McConnell: I don't think there's much Congress can do to stop school shootings

McConnell: I don't think there's much Congress can do to stop school shootings
© Greg Nash

Senate Majority Leader Mitch McConnellAddison (Mitch) Mitchell McConnellOvernight Energy: Pelosi vows bold action to counter 'existential' climate threat | Trump jokes new light bulbs don't make him look as good | 'Forever chemicals' measure pulled from defense bill Overnight Health Care — Presented by Johnson & Johnson – House progressives may try to block vote on Pelosi drug bill | McConnell, Grassley at odds over Trump-backed drug pricing bill | Lawmakers close to deal on surprise medical bills GOP senators request interview with former DNC contractor to probe possible Ukraine ties MORE (R-Ky.) said Tuesday he doesn't believe Congress has much power to stop school shootings.

The Lexington Herald-Leader reported that McConnell addressed the issue with a group of community leaders in Danville, Ky., where he said the federal government can't do much besides appropriate funds.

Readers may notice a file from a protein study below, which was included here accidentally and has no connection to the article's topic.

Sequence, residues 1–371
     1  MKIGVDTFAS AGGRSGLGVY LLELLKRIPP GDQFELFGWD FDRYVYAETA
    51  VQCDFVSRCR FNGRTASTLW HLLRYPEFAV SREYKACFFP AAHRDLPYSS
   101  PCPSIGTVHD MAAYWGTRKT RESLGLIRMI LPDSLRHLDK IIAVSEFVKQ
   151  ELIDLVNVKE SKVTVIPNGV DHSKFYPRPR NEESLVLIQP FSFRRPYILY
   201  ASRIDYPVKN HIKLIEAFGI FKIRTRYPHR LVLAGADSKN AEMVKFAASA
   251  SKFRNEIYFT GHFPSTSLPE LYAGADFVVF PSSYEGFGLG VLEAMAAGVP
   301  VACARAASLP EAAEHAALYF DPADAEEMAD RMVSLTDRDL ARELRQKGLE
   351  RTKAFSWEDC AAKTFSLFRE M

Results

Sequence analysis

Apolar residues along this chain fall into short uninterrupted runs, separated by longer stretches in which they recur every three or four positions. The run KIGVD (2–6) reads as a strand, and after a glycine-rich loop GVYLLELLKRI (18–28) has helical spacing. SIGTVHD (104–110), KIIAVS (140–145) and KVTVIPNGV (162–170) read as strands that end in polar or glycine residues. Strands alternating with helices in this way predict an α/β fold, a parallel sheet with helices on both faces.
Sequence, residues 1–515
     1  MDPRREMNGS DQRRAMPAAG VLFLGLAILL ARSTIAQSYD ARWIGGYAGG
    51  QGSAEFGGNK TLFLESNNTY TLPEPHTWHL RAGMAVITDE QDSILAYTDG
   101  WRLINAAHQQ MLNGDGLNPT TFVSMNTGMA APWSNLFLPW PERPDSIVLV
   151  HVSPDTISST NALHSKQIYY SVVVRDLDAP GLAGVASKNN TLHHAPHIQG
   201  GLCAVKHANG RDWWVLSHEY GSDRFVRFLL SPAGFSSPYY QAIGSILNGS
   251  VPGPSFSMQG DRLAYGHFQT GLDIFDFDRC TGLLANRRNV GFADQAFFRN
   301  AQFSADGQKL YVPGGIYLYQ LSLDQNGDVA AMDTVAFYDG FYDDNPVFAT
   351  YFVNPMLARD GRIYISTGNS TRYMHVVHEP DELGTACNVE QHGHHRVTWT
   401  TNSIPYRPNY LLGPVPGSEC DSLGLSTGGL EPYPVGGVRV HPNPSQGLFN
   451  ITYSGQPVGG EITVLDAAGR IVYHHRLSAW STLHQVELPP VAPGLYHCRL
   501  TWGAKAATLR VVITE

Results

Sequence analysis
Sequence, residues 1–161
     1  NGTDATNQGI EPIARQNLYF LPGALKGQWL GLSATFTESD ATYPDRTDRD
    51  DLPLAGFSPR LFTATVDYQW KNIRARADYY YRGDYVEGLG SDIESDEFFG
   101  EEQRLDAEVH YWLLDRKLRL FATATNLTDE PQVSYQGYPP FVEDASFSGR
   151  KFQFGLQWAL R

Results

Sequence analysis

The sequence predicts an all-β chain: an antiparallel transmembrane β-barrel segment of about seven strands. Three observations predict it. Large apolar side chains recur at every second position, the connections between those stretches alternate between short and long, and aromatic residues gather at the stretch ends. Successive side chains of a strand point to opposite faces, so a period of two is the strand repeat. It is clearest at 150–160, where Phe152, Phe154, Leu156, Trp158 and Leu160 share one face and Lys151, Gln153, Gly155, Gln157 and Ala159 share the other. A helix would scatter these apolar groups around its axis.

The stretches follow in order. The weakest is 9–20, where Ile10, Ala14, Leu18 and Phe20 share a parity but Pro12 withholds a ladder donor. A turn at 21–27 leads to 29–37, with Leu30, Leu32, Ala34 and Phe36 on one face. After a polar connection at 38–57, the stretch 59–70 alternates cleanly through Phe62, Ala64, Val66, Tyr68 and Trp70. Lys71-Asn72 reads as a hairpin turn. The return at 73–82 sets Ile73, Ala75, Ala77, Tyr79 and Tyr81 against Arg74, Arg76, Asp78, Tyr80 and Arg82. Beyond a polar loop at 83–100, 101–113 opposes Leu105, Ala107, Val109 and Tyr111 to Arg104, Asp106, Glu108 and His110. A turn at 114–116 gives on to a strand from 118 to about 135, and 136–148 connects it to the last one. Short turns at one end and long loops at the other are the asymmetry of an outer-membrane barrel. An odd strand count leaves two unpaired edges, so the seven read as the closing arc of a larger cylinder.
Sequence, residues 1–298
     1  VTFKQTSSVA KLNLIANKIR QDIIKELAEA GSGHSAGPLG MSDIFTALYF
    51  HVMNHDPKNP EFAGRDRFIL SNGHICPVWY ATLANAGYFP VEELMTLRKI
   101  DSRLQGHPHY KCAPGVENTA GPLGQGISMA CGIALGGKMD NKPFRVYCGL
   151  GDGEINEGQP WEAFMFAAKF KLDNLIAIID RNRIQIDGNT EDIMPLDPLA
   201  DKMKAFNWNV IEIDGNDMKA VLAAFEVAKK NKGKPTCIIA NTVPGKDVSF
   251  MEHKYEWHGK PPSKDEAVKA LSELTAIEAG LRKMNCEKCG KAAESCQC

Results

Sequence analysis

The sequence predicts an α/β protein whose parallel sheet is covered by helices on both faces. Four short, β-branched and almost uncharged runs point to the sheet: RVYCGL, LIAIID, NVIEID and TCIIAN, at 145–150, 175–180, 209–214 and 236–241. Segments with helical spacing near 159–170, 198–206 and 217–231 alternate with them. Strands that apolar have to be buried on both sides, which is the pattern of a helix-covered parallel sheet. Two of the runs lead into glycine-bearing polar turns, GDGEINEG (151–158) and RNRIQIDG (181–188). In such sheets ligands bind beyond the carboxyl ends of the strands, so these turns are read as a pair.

“You would think, given how much it takes to get on an American plane or given how much it takes to get into courthouses, that this might be something that we could achieve, but I don’t think we could do that from Washington. I think it’s basically a local decision,” McConnell said.


“It’s a darn shame that’s where we are but this epidemic is something that’s got all of our attention,” he added. “And I know it’s got the attention of every school superintendent in the country.”

Congress has faced increased pressure this year to pass stricter gun laws, particularly in the aftermath of school shootings in Texas, Kentucky, Florida and elsewhere.

The January school shooting in McConnell's home state left two people dead

The Feb. 14 shooting at Marjory Stoneman Douglas High School in Parkland, Fla., left 17 people dead and several others wounded. The survivors and parents of the victims have become outspoken advocates of stricter gun laws, and organized the March for Our Lives rally in March in Washington, D.C.

Congress passed a bill earlier this year that provided funding for increased school safety and counseling, as well as improvements to the national background check system.

However, lawmakers did not vote on legislation to raise the minimum age requirement to purchase certain weapons or to ban certain types of firearms, which gun safety groups had championed after the Parkland shooting.